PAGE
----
Too few companies using science-based targets

Most companies fail to align with climate science, according to new research by the Science Based Targets initiative (SBTi).

The research points to only one fifth of G20 companies’ climate targets being science-based and only six per cent of G13 (non-G7 members of the G20) companies’ climate targets being science-based, compared to 25 per cent in the G7.

G7 countries are led by the UK and France, with 41 per cent and 33 per cent of disclosed climate targets being science-based. Meanwhile some of the world’s heaviest emitters which are found in the G13 group of countries - such as Indonesia, Russia and Saudi Arabia - do not contain a single company to have submitted an approved science-based target.

Across the G20, 4,215 companies have disclosed climate targets to CDP but just 20 per cent of these are science-based targets in line with Paris Agreement goals. This is made up of 2,999 companies in the G7 and 1,216 companies in the G13.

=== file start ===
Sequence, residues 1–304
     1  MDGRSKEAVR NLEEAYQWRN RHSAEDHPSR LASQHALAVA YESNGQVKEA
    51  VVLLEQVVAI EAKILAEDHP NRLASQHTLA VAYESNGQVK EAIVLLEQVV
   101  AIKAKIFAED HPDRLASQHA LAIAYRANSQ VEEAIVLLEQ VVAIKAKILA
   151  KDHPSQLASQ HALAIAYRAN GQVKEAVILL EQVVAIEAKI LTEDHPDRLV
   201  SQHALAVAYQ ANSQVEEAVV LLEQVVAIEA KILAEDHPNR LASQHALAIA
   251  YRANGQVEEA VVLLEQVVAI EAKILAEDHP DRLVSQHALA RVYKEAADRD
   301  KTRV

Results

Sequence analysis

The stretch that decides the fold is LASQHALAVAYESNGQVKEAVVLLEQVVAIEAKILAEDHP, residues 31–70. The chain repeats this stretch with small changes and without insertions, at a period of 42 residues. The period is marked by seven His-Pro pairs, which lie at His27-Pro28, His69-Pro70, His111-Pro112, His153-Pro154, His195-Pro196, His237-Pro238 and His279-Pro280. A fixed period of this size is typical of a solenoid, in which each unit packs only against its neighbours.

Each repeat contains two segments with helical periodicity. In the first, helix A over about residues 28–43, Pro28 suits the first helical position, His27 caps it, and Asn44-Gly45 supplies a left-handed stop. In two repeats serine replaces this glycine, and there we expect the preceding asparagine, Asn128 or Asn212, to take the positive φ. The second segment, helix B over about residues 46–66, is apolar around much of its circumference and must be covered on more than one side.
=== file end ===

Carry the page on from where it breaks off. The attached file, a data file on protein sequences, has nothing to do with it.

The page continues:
Lila Karbassi, chief of programmes, UN Global Compact and SBTi board chair, said: “Last month’s IPCC report was code red for humanity. Urgent climate action must now be a top priority for those in power. Science-based targets are proven to cut corporate emissions at the pace and scale required - they are a vital part of the puzzle for governments and companies worldwide. Ahead of the G20 Summit and COP26, our world leaders must put their full support behind science-based targets as an effective way to slash emissions.”

The research is an update to the Taking the Temperature report, prepared by CDP and the UN Global Compact on behalf of the SBTi in June. The report analysed the emissions reduction targets of companies in G7 indexes and produced a temperature rating per index, showing the level of global warming that would be reached if companies in the index met their targets. The new research includes G7 index temperature ratings alongside key insights into emission target setting in G13 nations. It finds that G7 indexes with a higher share of emissions covered by SBTs result in lower overall temperature ratings.

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